You gotta be cruel to be kind


For nearly a summer earlier in my 20s, I went out with a guy I met through my work. I was attracted to his sarcastic, dry sense of humor that mirrored mine, his light blue eyes  and his sandy blonde curls. Put simply, I was smitten.

It was maybe two months into the relationship when I could sense him pulling away. He didn’t text or call as much and I didn’t see him as often. At first I chalked it up to his hectic work schedule: summers were the busiest time for his job. But I think in my heart I knew what was really going on.

That didn’t stop me from pursuing him, from waiting around for his calls and texts.

One morning I sent him a text and he initially responded. Then he stopped communicating altogether. He stopped texting literally in the middle of the conversation. And, save for one work-related Facebook message months later, I never saw or heard from him again.

For a long time, I hated him for not having the courage to call and explain himself, for leaving me without any sense of closure.

Now that I’m (a whole three years) older and wiser, I still think what he did was cowardly, but I have more grace for him. Unless you’re a terrible person, dumping someone just sucks.

Especially when the person is perfectly nice and sweet and has few other faults besides not being compatible.

But there’s also a kindness to breaking up with a person, one that I hadn’t recognized until recently. It is a much kinder thing (in a dating relationship, at least)  to tell someone you’re not feeling it than to string them along for any period of time. It’s a kind thing to do for yourself, too. If you don’t stick up for what you want, no one else will do it for you.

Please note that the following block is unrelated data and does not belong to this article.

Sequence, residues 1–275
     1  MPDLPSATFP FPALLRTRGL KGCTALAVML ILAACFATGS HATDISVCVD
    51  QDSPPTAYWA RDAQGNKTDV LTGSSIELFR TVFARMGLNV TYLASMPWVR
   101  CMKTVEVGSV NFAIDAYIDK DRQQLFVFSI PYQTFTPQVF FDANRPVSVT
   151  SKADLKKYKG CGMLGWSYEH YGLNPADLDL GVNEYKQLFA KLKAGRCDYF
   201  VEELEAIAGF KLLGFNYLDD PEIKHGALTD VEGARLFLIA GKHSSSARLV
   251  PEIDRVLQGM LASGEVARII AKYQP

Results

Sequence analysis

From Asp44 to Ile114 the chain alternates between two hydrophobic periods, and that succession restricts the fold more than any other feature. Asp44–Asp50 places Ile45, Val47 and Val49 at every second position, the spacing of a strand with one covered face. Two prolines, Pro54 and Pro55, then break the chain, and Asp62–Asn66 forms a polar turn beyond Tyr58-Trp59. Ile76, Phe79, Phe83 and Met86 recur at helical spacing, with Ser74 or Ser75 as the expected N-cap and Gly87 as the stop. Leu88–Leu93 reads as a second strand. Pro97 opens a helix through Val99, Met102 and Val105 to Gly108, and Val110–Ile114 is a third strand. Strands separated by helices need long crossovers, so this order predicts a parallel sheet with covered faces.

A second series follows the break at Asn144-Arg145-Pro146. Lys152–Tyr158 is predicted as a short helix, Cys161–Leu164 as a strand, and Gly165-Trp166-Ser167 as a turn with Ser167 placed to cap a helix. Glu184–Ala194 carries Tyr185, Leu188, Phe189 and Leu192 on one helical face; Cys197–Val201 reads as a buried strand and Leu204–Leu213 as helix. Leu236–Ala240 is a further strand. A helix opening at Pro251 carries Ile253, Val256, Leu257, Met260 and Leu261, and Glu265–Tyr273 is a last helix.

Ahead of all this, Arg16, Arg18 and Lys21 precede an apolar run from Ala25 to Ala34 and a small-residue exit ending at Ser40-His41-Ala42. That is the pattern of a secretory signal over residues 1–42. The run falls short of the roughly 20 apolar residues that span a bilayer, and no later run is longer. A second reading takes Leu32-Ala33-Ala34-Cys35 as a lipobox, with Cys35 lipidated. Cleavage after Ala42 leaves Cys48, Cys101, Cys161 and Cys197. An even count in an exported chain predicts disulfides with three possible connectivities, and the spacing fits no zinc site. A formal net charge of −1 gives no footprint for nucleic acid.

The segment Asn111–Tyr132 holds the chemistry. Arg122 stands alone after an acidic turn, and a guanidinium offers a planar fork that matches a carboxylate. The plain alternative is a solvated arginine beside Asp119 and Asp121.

There’s not much respect for that type of kindness. It’s easy to hate someone who can’t end a relationship gracefully, who chooses to stop responding to text messages rather than sitting down over a cup of coffee and saying how they feel.

Clearly, some ways of breaking up with someone are kinder than others. Sure, I would have much rather had a conversation. But I’ll tell you one thing, his silence sent a message. And while it may have broken my heart, I never had to wonder what he was trying to say.

And there’s something to be said for that.

So what if I want to be childless?

Women choosing not to have children has become a hot topic lately.,  Time and Slate have weighed in on the issue. Are women selfish for not wanting children? Am I, at 28, a neglecting my womanly duties by not settling down, getting married and popping out babies like the rest of those I graduated high school with?

In short, no. I’m pretty content how I am. I’m not saying that won’t change.  Maybe some day I will meet someone I actually want to have kids with.

But honestly, I don’t see what the appeal is sometimes. I’ve watched my sister and her husband become parents over the last couple years. They could give safe-sex seminars to teenagers with the stories they tell about their toddler daughters. Once they were in a restaurant when their 2-year-old soiled her pants. In my sister’s attempt to take her to a restroom to clean her up, some of the the, uh, mess, somehow made it onto the table. Before my brother-in-law could stop her, their 4-year-old daughter had it in her mouth. Forget those crying dolls they give high school students so they understand parenting, these kids need to hear that story. I’m telling you, they’ll never have sex without a condom again.

Then there are those times when I’m in the restroom at the shopping mall overhearing a mother talking to her child while she’s going to the bathroom. I understand the need to keep the child in sight at all times, but every time it happens it’s a reminder of the privacy you give up when you become a mom. It starts at the very beginning – childbirth, when a team of doctors and nurses stare at your hoo-ha waiting for the baby to appear (or at least that’s how I imagine it to happen. What do I know? I’m childless).

And honestly, I don’t understand the argument that women who don’t have children are selfish. People bring children into the world for selfish reasons all the time. I commend my friends and family who are rocking parenthood, but not everyone can. Raising children takes a lot of time, energy, love, affection and money that not everyone has.

There’s a reason the foster care system in this country has so many kids.

I have enough trouble taking care of myself and my cats.